Life in a Logging Camp

In  This Was Logging , author Ralph Andrews wrote, “No industry in the Pacific Northwest has been closer to the hearts of the people than lumbering. It concerns trees, which are growing things and for which people have a deep affection. It concerns great enterprise and activity in producing a basic commodity in which a large share of the people have had a part. It concerns the harvesting of a crop which has been vital to the growth of the nation and other nations and has returned untold dollar wealth to the Pacific Northwest”.

Currently, in the time of airplane manufacturing and tech giants of our region, as with the majority of the ‘big woods’ gone, it is hard to imagine how integral the logging industry was to the life of anyone once living in the Pacific Northwest. And with most of the ancient giants felled, it is equally hard to understand the cavalier attitudes that clear-cut much of our region, forever altering the ecosystems that had prevailed under their spreading branches.

Equally hard to imagine is that much of the old-growth forests that greeted the first European settlers were entirely felled and cleared by hand, using the sheer muscle power of man and his beasts of burden. It was dangerous work for all involved, with accidents and deaths a regular occurrence. ‘Side winders’ – limbs and snags falling from nowhere as the trees crashed to the ground- were a continual threat. A lost footing or momentarily caught pant leg at the wrong moment often resulted in serious injury or death. As steam and gasoline-powered equipment came into play at the turn of the 20th century, the pace of logging picked up considerably, though safety measures taken for granted today still did not exist.Living in a logging camp was a difficult business. Crowded into tight bunk quarters reeking of wet shoes and clothes drying over pot belly stoves, a hundred or so men had very little to do after a twelve-hour shift in the woods but sleep from physical exhaustion or play cards in a dimly lit room. The proprietor of any logging enterprise knew that if he were to keep a stable work force, it was the quality and plentitude of the food that would be necessary. The kitchen and mess hall became the measure of any good logging camp wishing to retain its employees. The dinner gong would set off a stampede of workers set to fill their bellies three times a day.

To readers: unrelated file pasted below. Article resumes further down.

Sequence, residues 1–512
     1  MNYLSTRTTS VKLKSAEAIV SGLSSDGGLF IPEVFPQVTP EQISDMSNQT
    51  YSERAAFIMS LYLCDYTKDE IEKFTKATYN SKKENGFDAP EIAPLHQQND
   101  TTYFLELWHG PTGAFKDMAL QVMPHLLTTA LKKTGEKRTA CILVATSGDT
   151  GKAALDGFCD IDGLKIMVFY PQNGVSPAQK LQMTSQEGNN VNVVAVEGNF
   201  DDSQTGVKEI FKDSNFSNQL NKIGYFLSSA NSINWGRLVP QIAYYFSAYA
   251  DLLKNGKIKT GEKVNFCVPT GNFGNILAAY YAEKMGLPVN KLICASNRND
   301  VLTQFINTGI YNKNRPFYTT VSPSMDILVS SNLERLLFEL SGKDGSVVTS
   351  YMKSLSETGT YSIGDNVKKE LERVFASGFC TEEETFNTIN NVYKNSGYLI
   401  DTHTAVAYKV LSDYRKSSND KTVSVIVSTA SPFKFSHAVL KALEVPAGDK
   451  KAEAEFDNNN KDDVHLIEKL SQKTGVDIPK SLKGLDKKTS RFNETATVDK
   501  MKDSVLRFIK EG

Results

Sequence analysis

As you walk through the Renaissance Garden at Heronswood, attempt to hear the echoes of the voices of an era long gone, while witnessing the regrowth of our native Red Cedars on their journey in becoming, once again, giants of the Pacific Northwest.